There seems to be something a little narcissistic about starring in a film you direct. Maybe it’s just me, but picturing Ed Harris during filming of Appaloosa (based on the novel by Robert B. Parker, and adapted for the screen by Robert Knott and Harris) saying ‘aaaaaaand, cut! Yeah, we got it!’ in response to his own performance is a little laughable. However, his direction deserves respect, as this film was impressive.
Virgil (Ed Harris) and Everett (Viggo Mortenson) are two friends, traveling the old west as freelance gunmen, willing to police towns in the name of justice, for a price. The two are called to a small town in New Mexico by a small group of bureaucrats tired of their settlement being raped by a group of bandits, led by a man named Bragg (Jeremy Irons). Upon arrival, Virgil sets his foot down and starts controlling the town with an iron fist. He and Everett are BFFs that have been working together for years and know each other intimately (maybe it’s my dirty mind, but there was definitely a weird sexual tension between the two). Matters become complicated by the arrival of the mysteriously beautiful, and impoverished Ms. French (Renee Zellwegger), to whom Virgil takes a liking. The vigilante team undertakes the great task of dethroning the local bandit Bragg, risking their lives all the way.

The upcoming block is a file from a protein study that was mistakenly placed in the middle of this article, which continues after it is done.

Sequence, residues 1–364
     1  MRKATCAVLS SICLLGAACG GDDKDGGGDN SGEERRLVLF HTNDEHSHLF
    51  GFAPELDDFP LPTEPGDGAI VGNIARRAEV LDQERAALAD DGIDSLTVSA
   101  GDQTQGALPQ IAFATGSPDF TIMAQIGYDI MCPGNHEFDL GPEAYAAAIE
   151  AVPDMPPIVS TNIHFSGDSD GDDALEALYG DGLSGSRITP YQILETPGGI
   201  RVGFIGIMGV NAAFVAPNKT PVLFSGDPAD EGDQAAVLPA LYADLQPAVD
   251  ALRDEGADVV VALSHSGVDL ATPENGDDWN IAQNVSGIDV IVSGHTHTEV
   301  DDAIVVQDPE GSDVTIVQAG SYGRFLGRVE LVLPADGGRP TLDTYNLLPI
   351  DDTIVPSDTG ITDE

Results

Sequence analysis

Harris’ direction was that of a seasoned filmmaker (even though he only has one other direction credit under his belt), even if he may have taken his own role a little too seriously. The chemistry of the main players was riveting. However, while the chemistry was there, there was something lacking in the film. The actions of the characters were simply not understandable. Great risks were taken, for no apparent reason, allegiances to seemingly despicable characters were forged without an explanation as to why, leaving the viewer confused as to why the plot was taking a certain direction. And while the trailer promised a tense tale of the wild west, it was almost more of a subtle comedy than it was a western. Most of the performances were stellar, although it seems as if Irons took every one of his cues from Daniel Day-Lewis’ performance from last year’s There Will Be Blood (even down to his voice). While there were a few shortcomings, Appaloosa is worth a viewing, and on the big screen too. The beautiful portrayal of unsettled New Mexico, might not be able to be fully appreciated on a small screen.